Pastor Jerry Cook (Eastside Foursquare Church in Bothell, WA) helped me to realize a different way of answering the question: “Where is your church?” In his book, The Monday Morning Church, he tells the story of a conversation with Dr. Richard Halverson, formerly the chaplain of the United States Senate and the pastor of a large Presbyterian church in Washington, D.C. After speaking in a seminary chapel service, he engaged some of the students in conversation over coffee in the cafeteria. Cook relates the following
“We get together at a building on Fourth Street, but we don’t spend much time there. We’re mostly in the city.” One of the students asked, “Dr. Halverson, where is your church?” This seemed like a perfectly reasonable question to me, but Dr. Halverson looked quite perplexed and hesitated to answer. Then he glanced at his watch.
“Well, it’s three o’clock in Washington, D.C. The church I pastor is all over the city. It’s driving buses, serving meals in restaurants, having discussions in the Pentagon, deliberating in the Congress.” He knew exactly where his church was, and he went on and on with his lengthy listing. Then he added,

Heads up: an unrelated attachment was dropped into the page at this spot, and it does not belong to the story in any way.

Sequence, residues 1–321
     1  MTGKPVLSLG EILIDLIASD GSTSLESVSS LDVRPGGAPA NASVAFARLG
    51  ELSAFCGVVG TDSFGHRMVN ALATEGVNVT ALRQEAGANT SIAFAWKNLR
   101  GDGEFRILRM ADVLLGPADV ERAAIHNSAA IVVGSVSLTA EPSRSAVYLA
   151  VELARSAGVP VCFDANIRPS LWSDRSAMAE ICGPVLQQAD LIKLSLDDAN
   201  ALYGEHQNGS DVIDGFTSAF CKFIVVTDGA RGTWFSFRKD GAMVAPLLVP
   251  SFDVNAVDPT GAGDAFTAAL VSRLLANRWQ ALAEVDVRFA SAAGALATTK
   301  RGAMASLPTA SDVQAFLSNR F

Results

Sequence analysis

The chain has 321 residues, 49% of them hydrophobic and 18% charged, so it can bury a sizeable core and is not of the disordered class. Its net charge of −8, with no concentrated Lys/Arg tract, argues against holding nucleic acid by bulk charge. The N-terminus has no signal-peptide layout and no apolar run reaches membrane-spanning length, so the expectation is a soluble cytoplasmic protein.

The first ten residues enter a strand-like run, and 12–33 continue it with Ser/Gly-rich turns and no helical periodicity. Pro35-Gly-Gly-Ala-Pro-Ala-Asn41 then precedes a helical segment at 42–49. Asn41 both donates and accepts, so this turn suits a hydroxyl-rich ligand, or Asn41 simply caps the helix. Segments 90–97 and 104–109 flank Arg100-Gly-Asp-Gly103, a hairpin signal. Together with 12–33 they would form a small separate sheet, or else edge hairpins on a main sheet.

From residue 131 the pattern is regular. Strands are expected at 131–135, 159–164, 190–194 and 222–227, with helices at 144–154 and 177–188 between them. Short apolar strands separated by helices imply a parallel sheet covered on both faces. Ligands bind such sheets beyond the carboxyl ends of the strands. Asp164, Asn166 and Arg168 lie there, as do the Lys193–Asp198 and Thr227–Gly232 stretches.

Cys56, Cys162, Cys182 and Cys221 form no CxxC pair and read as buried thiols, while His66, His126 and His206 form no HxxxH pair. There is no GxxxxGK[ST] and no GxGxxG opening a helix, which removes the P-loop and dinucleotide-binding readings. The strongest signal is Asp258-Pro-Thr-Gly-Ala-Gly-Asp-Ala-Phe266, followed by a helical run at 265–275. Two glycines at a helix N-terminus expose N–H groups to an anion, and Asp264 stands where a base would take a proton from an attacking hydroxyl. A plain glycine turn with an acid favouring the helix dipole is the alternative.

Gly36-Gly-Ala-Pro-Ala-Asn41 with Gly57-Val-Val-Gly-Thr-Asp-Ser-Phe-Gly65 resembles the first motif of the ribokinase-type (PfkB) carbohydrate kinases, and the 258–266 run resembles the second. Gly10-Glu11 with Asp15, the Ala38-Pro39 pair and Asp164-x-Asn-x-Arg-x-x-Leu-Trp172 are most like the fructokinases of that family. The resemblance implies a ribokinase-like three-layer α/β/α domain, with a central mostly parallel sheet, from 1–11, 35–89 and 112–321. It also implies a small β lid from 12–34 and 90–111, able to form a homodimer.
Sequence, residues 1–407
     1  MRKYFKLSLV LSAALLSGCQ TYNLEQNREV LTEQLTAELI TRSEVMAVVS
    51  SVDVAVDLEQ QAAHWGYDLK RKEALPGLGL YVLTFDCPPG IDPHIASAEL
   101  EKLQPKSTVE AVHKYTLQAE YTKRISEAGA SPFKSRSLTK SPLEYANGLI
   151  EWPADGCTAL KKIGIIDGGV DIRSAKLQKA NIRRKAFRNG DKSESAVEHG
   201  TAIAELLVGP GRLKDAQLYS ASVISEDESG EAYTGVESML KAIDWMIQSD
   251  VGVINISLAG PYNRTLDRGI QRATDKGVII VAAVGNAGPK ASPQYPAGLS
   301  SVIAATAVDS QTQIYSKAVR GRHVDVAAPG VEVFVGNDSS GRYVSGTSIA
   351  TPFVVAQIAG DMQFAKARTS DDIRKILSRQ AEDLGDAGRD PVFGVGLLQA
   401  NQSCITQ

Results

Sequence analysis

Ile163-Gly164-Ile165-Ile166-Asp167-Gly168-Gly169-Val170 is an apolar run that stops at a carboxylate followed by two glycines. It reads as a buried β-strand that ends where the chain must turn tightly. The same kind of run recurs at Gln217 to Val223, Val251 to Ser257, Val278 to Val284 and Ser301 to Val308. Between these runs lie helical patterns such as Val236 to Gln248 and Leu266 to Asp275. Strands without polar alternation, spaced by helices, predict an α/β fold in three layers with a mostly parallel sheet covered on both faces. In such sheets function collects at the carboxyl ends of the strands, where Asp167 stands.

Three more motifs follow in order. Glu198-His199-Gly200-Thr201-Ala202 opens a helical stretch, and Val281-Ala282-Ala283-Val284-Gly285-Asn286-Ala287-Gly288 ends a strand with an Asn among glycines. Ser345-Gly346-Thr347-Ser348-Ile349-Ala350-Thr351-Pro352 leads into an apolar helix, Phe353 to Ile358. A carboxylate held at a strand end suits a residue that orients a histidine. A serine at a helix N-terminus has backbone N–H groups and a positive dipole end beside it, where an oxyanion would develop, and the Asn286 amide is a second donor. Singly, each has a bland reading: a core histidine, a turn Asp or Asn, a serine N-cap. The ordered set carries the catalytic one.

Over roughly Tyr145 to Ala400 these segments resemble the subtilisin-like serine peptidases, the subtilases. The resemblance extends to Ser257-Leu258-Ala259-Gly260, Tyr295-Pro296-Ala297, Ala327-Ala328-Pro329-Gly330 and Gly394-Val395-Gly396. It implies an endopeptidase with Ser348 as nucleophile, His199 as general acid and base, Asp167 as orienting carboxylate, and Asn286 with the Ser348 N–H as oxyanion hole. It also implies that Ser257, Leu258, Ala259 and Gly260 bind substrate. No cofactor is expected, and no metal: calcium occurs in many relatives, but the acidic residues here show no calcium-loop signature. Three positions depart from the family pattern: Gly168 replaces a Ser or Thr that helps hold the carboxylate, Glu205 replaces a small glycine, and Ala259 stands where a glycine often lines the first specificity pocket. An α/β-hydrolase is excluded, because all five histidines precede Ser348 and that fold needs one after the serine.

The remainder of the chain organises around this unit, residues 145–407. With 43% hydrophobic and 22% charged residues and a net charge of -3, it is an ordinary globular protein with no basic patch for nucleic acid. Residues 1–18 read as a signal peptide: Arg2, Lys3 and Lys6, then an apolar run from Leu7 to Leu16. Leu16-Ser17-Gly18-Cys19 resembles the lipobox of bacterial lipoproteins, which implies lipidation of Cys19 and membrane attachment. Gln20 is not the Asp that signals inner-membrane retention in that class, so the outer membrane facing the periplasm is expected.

“Periodically, we get together at a building on Fourth Street, but we don’t spend much time there. We’re mostly in the city.”
A bomb went off in my head. All of my out-of-joint ideas about the church suddenly snapped into place. The church is people! (1)
It’s so natural to think of your church as a place. In fact, after all of the time and money that’s invested in buying land and building church buildings, it’s no surprise when you tell someone the location of your church buildings in answer to the question, “where is your church?”
However, if the church is viewed as a building at a specific location, then church is simply somewhere to go, rather than who we are in Christ.
For so long, I’ve told people that my church is up on the hill overlooking Castaic Lake.
However, I think I’m going to change how I answer this question in the future. In fact, I would hope every Christian could begin to view the church differently – as God’s missionary people who are everywhere engaged in the mission of Jesus.
If someone asks you, “Where’s your church?” – why not take that opportunity to help them view the church as people instead of a place? Of course, after a lengthy description of where your people are at any given time, you can always tell them that “periodically, we get together at a building on _____________, but we don’t spend much time there. We’re mostly in the city.”
So – where is your church? (please tell me)
(1) Jerry Cook, The Monday Morning Church, Howard Publishing Company, 2006, p. 12-13.
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